Sarah Palin will spend much of the next few weeks campaigning with Republican presidential nominee John McCain, a move that not only capitalises on the party's enthusiasm for the vice presidential nominee but also limits her exposure to the news media.
Palin, the little-known, first-term Alaska governor thrust into the national spotlight, left Washington for her home state yesterday afternoon, her first trip back home since being named to the ticket. She and her husband boarded the plane after McCain and his wife escorted them to the aircraft.
The two are expected to begin appearing together again as early as next week, said a McCain adviser aboard Palin's flight. The election, against Democrat Barack Obama and his running mate Joe Biden, is November 4.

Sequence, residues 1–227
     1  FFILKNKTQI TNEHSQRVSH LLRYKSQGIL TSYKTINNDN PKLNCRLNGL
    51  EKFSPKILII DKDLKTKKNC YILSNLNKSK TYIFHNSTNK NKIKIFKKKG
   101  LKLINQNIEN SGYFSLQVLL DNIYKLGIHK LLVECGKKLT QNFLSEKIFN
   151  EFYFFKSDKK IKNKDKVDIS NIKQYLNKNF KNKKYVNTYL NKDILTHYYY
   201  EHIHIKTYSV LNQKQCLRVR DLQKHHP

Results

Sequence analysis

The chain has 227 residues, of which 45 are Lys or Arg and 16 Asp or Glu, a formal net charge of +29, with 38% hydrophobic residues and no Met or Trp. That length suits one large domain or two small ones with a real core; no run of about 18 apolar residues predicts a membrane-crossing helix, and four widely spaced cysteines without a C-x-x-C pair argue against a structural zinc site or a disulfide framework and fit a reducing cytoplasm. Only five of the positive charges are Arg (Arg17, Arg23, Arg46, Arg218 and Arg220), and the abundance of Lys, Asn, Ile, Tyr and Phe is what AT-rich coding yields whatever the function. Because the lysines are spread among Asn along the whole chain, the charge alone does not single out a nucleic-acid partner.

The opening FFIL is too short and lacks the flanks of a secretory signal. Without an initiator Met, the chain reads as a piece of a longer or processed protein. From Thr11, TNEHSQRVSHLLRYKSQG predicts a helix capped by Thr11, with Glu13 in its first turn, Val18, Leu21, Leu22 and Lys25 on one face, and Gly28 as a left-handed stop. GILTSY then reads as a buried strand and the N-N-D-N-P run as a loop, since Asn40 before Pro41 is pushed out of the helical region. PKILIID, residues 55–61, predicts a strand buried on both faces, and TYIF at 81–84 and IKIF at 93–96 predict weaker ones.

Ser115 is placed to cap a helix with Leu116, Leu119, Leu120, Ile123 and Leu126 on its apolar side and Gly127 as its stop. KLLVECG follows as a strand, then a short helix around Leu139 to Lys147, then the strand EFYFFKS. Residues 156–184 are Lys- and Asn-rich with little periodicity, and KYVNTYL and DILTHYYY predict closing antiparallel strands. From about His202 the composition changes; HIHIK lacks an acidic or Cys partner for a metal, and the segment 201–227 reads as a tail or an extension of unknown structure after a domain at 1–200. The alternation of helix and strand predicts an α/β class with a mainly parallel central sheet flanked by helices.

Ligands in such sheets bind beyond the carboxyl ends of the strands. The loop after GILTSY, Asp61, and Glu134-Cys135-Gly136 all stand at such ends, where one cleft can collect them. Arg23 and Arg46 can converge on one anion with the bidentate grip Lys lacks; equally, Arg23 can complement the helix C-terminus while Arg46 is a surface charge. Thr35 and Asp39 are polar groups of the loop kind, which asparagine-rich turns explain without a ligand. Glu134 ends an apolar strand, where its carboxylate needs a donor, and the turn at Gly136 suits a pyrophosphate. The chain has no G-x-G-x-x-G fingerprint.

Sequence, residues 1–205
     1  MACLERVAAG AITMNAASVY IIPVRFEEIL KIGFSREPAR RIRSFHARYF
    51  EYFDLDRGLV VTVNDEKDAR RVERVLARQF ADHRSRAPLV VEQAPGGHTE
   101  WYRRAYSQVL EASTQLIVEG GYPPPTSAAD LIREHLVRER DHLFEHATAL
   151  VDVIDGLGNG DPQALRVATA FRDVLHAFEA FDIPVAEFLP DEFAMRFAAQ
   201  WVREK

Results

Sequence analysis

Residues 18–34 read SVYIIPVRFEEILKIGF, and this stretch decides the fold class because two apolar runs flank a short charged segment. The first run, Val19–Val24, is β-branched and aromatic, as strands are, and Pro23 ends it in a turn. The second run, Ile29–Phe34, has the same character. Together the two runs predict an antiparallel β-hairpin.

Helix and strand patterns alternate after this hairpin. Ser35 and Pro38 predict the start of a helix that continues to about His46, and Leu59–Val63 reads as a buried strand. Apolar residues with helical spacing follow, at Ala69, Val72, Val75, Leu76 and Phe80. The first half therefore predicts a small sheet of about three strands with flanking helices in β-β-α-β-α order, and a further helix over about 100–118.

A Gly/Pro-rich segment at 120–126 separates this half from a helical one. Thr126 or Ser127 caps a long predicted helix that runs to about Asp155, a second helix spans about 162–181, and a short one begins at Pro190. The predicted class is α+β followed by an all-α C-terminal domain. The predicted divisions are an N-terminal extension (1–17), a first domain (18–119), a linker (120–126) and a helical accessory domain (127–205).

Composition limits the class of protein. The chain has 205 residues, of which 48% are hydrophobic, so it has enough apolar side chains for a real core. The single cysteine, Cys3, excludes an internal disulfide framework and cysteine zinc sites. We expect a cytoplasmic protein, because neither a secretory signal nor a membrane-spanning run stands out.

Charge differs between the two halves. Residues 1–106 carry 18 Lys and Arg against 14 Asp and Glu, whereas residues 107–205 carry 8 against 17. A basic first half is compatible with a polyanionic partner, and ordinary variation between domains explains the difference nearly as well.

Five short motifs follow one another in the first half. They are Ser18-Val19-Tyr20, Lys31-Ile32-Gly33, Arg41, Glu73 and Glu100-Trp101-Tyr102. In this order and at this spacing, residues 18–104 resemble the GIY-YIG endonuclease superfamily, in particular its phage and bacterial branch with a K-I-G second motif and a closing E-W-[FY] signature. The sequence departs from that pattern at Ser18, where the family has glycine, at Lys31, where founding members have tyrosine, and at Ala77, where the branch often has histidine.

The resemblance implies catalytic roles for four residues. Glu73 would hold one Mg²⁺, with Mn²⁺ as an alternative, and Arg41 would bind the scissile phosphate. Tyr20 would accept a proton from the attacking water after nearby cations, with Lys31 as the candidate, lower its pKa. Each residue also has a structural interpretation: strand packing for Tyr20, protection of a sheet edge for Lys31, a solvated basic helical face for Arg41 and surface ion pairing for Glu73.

McCain and Palin traveling together limits her exposure to reporters and gives McCain's top aides more control of her. Palin has not done interviews after the first and only one she gave to People magazine on the day she was introduced as McCain's vice presidential choice.
Palin's plane made a brief refueling stop in Montana to finish the trip to Fairbanks. Palin is scheduled to make at least two public appearances in Alaska, including a homecoming rally scheduled in Wasilla, the town where she served as mayor before being elected governor.
She also is scheduled for an interview with ABC News, but no other interviews with reporters are scheduled, campaign officials said. The campaign repeatedly has denied other interview requests.
This is Palin's first venture away from McCain and his advisers, although several of the campaign's staff accompanied her to Alaska.